Buying Advice

Real Estate Fraud Can Happen to Anyone, Even Realtors

Recently, my husband and I purchased a piece of property in Maine, close to where he grew up. It is a very rural area with little to no road traffic or neighbors. A few months after we closed, I received a letter from someone asking if we wanted to sell. It turns out he was a Realtor, and he was “looking” for property for himself. First off, even on a personal note, you always need to disclose if you are a licensed agent, which made me a little leery. I proceeded to tell him we had recently purchased and had no interest in selling.

Mysterious Survey

A few months later we made our way to Maine to start clearing an area to build a small camp. When we arrived, someone had had a survey done. All four sides of our property were tagged with orange tape and they had also cut down some small trees. We went to the town hall to ask if they had been there for any reason and they said no. We also asked the one abutting neighbor and they also said no. I also called all of the surveyors within a 50-mile radius and no one knew anything.

Before leaving to come home, we decided to purchase a live-feed game camera so we could watch all of the fun critters walking around. About one week after we arrived back home, we received a notice that we had several photos on our camera. Much to our surprise, the photos were of people walking around. One with a clipboard and three others pointing and wandering around.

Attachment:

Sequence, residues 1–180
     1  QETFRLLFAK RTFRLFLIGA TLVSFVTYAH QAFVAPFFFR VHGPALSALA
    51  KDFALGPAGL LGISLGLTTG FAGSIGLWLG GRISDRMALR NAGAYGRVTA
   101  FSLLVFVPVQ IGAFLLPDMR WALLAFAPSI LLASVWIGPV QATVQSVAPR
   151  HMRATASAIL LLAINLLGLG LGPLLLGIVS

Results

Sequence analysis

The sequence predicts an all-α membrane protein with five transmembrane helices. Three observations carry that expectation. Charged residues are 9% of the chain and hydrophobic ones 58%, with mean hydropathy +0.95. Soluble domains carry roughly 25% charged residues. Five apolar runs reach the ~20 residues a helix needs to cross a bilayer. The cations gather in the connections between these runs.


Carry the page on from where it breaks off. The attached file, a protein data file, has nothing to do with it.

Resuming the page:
Remote Property Concerns

What is important to understand is just how remote this property is. It is not a place that you can randomly wander onto. It is a dirt road and a makeshift path to get to our cleared-out area. While I have no problem with someone walking out in the woods and enjoying nature, my fear of someone trying to sell our property while we were out-of-state owners was becoming more real. I was sincerely concerned that either someone was going to get scammed into thinking our land was for sale or, even worse, thinking they purchased it and started building while we were not in the area to check on it.

Once again, I made a call to the town to see if, for some reason, they had a tax assessor or someone out there, but they told me no. Again, because this is a rural area, there is no local police department, so the Sheriff has to handle anything like this. Because we did not have our property posted for no trespassing, the Sheriff told me that there was nothing he could do to help me find these people that I had concerns about being scammed.

Taking Action

After spending about a week making calls and getting nowhere, my daughter and I made the trip back to Maine to see what we could find out and to put up the necessary signage. As much as we didn’t want to hang up the signs and scar the beautiful landscape of the woods, we felt we had no choice. At least if we had a way for people to contact us, maybe we could prevent someone from being scammed. To this day, we have no idea who those people were or what they were doing. Thankfully, we have friends and family who go by and check on things for us on a regular basis.